Several animals have been proposed as animal models of SAD, including fat sand rats( Reference Einat, Kronfeld-Schor and Eilam 1 ), grass rats( Reference Leach, Adidharma and Yan 3 ) and Siberian hamsters( Reference Pyter and Nelson 6 ). As laboratory mouse strains including C57BL/6J cannot produce detectable levels of melatonin, which is an important photoperiodic messenger, they were thought to be an inappropriate model for SAD. Recently, however, we found that C57BL/6J mice under short-day condition (SD) exhibited amplified plasma corticosterone rhythms, whereas those maintained under long-day conditions (LD) exhibited no significant rhythmicity( Reference Otsuka, Goto and Kawai 4 ). In addition, C57BL/6J mice under SD, compared with mice under LD, showed high immobility in the forced swim test (FST) and a low preference for saccharin, which are considered depression-like behaviours. Furthermore, these mice showed high sucrose preference, which was accompanied by low levels of 5-HT in the brain and low Trp:LNAA in plasma( Reference Otsuka, Kawai and Togo 5 ). Thus, these mice may mirror depressive symptoms and carbohydrate cravings with neurochemical changes in SAD patients.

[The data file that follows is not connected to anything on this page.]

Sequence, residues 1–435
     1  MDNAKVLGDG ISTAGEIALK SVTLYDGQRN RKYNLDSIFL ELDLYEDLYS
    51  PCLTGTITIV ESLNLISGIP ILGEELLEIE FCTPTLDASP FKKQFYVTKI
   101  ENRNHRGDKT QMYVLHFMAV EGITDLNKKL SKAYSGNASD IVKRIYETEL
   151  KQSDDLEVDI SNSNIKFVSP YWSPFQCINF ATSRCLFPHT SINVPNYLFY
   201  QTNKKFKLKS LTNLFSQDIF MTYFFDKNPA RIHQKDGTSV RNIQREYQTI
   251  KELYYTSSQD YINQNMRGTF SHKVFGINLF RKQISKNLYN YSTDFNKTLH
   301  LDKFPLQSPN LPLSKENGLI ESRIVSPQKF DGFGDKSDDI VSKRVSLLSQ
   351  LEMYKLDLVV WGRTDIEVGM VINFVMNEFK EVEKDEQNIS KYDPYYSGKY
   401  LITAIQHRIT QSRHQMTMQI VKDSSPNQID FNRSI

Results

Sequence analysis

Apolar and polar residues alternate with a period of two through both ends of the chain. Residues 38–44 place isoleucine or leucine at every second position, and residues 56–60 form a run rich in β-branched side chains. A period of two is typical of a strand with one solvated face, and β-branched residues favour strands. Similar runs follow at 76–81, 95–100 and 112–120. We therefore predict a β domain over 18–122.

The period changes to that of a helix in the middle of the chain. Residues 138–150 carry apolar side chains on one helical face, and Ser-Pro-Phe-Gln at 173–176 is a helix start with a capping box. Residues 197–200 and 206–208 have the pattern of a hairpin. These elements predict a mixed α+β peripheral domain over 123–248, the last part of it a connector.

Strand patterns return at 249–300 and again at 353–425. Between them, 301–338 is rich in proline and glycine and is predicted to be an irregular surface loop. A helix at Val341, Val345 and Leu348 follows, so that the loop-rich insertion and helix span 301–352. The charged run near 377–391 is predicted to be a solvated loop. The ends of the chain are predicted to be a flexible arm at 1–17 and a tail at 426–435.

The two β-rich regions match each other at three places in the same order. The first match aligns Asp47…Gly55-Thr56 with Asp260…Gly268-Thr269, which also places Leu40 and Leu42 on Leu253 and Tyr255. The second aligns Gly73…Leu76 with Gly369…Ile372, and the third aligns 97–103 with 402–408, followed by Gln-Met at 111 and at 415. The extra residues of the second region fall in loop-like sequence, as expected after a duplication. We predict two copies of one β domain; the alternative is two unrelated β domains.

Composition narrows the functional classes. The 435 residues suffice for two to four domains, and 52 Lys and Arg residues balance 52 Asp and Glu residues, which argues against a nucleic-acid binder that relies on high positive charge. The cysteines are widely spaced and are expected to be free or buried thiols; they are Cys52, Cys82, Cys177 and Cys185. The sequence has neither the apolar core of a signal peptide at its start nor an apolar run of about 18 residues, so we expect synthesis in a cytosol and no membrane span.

In this study, we elucidated whether modification of plasma Trp:LNAA by dietary protein sources (casein, soya protein, gluten and α-lactalbumin) that differ in Trp:LNAA affects depression- and anxiety-like behaviours in the C57BL/6J mice under SD. Previous studies showed that acute and chronic intakes of the diet with these proteins significantly altered plasma Trp:LNAA, brain Trp levels and 5-HT synthesis in rats( Reference Choi, Disilvio and Fernstrom 18 – Reference Feurte, Gerozissis and Regnault 20 ). We also examined whether the intake of these diets before the transition to SD prevents the SD-induced anxiety- and depression-like behaviours. As plasma Trp:LNAA are strongly associated with metabolic activity of fat and skeletal muscle, we also analysed epididymal fat mass, plasma concentration of NEFA and muscle fibre types (I, slow-twitch type; IIa and IIx, intermediate type; IIb, fast-twitch type) that have different roles in metabolism( Reference Spangenburg and Booth 21 ).